News Release

National Park Service awards $1M to help preserve underrepresented community history

Brick building with store front painted on top reading Mai Wah Noodle Parlor and Wah Chong Tai Company
Mai Wah Noodle Parlor and Wah Chong Tai Company, established in 1894, the Wah Chong Tai served as Butte’s preeminent Chinese general store for Butte, MT.


News Release Date: April 11, 2022


WASHINGTON – The National Park Service (NPS) today awarded $1 million in Underrepresented Community Grants to 22 projects in 16 states, the District of Columbia, and Guam. These funds will support the identification, planning and development of nominations to the National Register of Historic Places to increase representation of Black, Indigenous, and communities of color listed in the system. 

“There are endless American stories yet to be recognized on a national stage like the National Register of Historic Places. The Underrepresented Community Grant program provides our state, Tribal, and Certified Local Government partners the means to identify and nominate their most significant places and stories for the benefit of all,” said NPS Director Chuck Sams.

This years’ grants will fund projects such as a National Register nomination for the San Antonio Mission de Pala Asistencia, also known as the Pala Mission in San Diego, which was built in 1816 by Spanish missionaries. In Montana, one project will survey and develop nominations for Chinese American sites - the first project in the state to focus on this history. Another survey and nomination in of African American sites in San Antonio, TX, will focus on five areas near downtown which have largely been untouched by urban renewal and modern redevelopment.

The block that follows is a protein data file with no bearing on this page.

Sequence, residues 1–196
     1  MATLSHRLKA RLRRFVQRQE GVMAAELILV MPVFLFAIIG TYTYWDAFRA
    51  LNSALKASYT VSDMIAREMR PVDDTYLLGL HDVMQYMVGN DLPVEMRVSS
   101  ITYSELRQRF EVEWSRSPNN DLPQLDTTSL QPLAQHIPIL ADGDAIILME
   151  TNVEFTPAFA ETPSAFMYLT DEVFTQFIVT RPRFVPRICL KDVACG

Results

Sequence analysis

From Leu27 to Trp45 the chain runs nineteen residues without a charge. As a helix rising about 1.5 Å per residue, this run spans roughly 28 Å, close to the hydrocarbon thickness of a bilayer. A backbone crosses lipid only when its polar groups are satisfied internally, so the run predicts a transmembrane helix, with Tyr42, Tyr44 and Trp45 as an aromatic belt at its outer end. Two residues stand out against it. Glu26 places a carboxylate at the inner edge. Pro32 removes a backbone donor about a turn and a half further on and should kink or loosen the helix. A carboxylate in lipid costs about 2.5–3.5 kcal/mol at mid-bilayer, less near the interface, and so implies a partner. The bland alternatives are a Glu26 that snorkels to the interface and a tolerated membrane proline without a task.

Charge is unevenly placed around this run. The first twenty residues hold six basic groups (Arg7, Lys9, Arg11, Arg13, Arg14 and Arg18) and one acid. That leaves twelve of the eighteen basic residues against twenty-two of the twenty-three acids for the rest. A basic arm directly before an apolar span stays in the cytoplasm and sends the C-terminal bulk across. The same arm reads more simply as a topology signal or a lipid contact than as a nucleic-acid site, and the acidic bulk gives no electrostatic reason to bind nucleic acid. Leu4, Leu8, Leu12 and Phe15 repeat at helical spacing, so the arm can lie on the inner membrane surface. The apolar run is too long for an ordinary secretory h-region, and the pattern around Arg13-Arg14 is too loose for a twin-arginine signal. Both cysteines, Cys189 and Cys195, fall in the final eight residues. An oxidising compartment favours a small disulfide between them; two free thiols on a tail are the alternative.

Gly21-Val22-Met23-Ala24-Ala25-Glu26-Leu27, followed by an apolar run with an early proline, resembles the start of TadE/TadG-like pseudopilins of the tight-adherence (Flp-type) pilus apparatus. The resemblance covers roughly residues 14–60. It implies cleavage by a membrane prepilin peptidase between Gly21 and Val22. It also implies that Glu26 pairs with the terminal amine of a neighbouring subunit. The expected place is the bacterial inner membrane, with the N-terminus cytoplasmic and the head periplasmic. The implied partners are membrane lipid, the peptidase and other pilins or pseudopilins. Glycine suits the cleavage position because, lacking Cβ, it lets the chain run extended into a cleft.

The Underrepresented Community Grant program is supported by the Historic Preservation Fund (HPF). The HPF uses revenue from federal oil leases on the Outer Continental Shelf to assist with a broad range of preservation projects without expending tax dollars, with the intent to mitigate the loss of a nonrenewable resource to benefit the preservation of other irreplaceable resources.

Established in 1977, the HPF is authorized at $150 million per year through 2023 and has provided more than $2 billion in historic preservation grants to states, Tribes, local governments, and nonprofit organizations. Administered by the NPS, HPF funds may be appropriated by Congress to support a variety of historic preservation projects to help preserve the nation’s cultural resources.

Learn more about NPS historic preservation programs and grants and the Underrepresented Community Grant program online. 

Underrepresented Community Grant Award Recipients

Table of grant recipients
CityStateProject TitleRecipientAmount

About the National Park Service. More than 20,000 National Park Service employees care for America’s 423 national parks and work with communities across the nation to help preserve local history and create close-to-home recreational opportunities. Learn more at

Last updated: April 13, 2022